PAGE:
My Favorite Movie of 2019: The Peanut Butter Falcon

Welcome to my choice for the best movie of 2019. After hearing rave reviews from friends[i] and The World and Everything In It, we decided we wouldn’t wait for The Peanut Butter Falcon to leave the theaters and hit RedBox. Our decision was rewarded with one of our favorite movies we’ve seen in a long time.

The Peanut Butter Falcon is a story about two broken young men. Zak (played by Zack Gottsagen) is a young man with Down syndrome, whose family has abandoned him. A ward of the state, he now lives in a nursing home and longs for family and to become the professional wrestler he believes he was made to be (“The Peanut Butter Falcon” will eventually be his wrestling alter-ego).

Tyler (played by Shia LaBeouf) is a young man who at first blush seems to be as different a human being from Zak as one could imagine. He’s a sullen fisherman who is thieving crab cages to make ends meet. Beneath the surface, though, he is a young man struggling with grief and guilt over the death of his brother.

The world of the two young men collide as they both are on the lam and headed toward a murky future they only can hope is better than what lies behind them. The story riffs on Mark Twain’s The Adventures of Huckleberry Finn without being derivative. Chasing Zak down is his kindhearted caretaker Eleanor (played by the charming Dakota Johnson) from the nursing home. Chasing Tyler down are two thuggish fisherman who are after revenge for his theft.

Along the way Tyler’s hard, self-loathing heart will be softened by Zak, and Zak’s crushed spirit will be brought to life by Tyler. Zak and Tyler need each other equally. And yet, the movie isn’t overly sentimental or heavy-handed. The three central characters are three-dimensional and their redemption isn’t overwrought or simplistic. That does mean that Tyler’s language certainly warrants its PG-13 rating, but the language is authentic to Tyler and (especially compared to the norm) the movie shows great restraint both when it comes to sexuality and violence.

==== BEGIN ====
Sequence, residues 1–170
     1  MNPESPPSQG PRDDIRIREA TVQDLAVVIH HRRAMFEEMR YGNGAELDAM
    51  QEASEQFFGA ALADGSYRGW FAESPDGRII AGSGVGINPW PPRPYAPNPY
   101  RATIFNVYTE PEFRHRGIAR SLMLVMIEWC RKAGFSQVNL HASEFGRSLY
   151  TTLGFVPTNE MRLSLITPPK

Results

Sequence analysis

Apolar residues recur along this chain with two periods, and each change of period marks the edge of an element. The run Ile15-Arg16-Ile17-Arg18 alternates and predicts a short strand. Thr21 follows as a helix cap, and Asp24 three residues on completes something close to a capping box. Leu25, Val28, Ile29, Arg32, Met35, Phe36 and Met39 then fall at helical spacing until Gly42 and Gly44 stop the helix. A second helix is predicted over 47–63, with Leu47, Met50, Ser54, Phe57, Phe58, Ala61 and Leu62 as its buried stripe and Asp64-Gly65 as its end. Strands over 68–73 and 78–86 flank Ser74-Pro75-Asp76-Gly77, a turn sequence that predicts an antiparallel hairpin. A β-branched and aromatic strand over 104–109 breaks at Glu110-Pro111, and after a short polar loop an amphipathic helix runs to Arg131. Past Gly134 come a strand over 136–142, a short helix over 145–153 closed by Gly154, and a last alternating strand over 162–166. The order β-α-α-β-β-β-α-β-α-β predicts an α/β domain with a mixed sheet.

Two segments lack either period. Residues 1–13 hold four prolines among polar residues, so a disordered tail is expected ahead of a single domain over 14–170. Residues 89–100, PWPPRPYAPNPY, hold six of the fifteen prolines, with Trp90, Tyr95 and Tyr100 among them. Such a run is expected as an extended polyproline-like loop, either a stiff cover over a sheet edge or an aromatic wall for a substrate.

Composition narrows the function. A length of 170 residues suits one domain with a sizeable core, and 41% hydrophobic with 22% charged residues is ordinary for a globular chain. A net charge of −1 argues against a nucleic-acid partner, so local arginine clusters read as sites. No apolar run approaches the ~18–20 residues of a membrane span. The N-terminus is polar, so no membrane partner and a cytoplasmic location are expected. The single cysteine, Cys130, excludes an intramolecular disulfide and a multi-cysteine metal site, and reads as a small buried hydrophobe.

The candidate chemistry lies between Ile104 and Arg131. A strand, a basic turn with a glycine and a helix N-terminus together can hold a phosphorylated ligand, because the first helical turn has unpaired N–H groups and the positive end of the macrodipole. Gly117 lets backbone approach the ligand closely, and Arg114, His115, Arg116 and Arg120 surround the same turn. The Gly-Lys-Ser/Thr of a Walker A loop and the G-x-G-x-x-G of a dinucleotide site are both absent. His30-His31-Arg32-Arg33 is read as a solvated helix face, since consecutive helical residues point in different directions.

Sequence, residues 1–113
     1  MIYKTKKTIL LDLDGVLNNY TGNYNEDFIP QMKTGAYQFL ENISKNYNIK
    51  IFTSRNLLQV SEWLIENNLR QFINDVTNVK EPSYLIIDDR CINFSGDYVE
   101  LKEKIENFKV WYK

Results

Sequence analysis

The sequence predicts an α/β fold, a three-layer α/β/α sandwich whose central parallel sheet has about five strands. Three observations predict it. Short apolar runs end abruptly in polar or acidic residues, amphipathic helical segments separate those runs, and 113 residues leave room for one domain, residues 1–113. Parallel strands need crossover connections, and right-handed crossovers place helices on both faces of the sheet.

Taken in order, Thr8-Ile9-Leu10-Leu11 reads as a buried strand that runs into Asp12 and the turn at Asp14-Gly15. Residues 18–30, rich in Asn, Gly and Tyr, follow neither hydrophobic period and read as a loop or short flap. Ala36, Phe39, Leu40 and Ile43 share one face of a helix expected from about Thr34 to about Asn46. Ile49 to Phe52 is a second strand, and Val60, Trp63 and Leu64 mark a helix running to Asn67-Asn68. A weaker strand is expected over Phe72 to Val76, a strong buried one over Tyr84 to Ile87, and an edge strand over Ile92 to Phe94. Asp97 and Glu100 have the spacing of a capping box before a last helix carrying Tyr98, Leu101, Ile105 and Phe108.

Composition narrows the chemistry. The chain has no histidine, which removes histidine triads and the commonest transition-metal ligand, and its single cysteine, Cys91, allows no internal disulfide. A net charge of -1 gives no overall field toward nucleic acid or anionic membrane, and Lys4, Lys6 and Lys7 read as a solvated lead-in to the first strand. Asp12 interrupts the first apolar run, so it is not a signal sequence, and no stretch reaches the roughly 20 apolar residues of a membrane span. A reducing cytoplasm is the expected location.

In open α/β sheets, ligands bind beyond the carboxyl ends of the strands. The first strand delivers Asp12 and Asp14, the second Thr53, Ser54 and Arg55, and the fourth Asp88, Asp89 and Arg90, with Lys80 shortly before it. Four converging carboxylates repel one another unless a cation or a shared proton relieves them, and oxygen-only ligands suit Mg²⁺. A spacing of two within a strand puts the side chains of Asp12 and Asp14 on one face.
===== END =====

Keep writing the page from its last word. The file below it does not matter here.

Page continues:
The only mild critique I would have of The Peanut Butter Falcon emerges from this strength. While the three central characters are fleshed out, as are a handful of delightful supporting characters (like the Salt Water Redneck (Zak’s wrestling hero), and Zak’s roommate Carl), the two villains and the greedy nursing home director feel all the more two-dimensional in comparison.

The movie deserves watching on its own merits, but a wonderful additional layer to the movie is its thoughtful treatment of Zak and his worth and dignity as a man with Down syndrome. The movie asks the viewer to consider how well they see the full humanity of those with disabilities. I dare you not to have your heart touched during Zak and Tyler’s poignant interaction where they speak truth to one another about whether they are bad guys or good guys. It powerfully shows the role of seeing and encouraging one another in our friendships.

The Peanut Butter Falcon is a story of friendship and love. It’s a story of humanity. It’s a story written with surprising kindness and generosity. It’s a movie that you won’t want to miss.


Image credit: Variety


[i] See my friend Amy Julia Becker’s review here: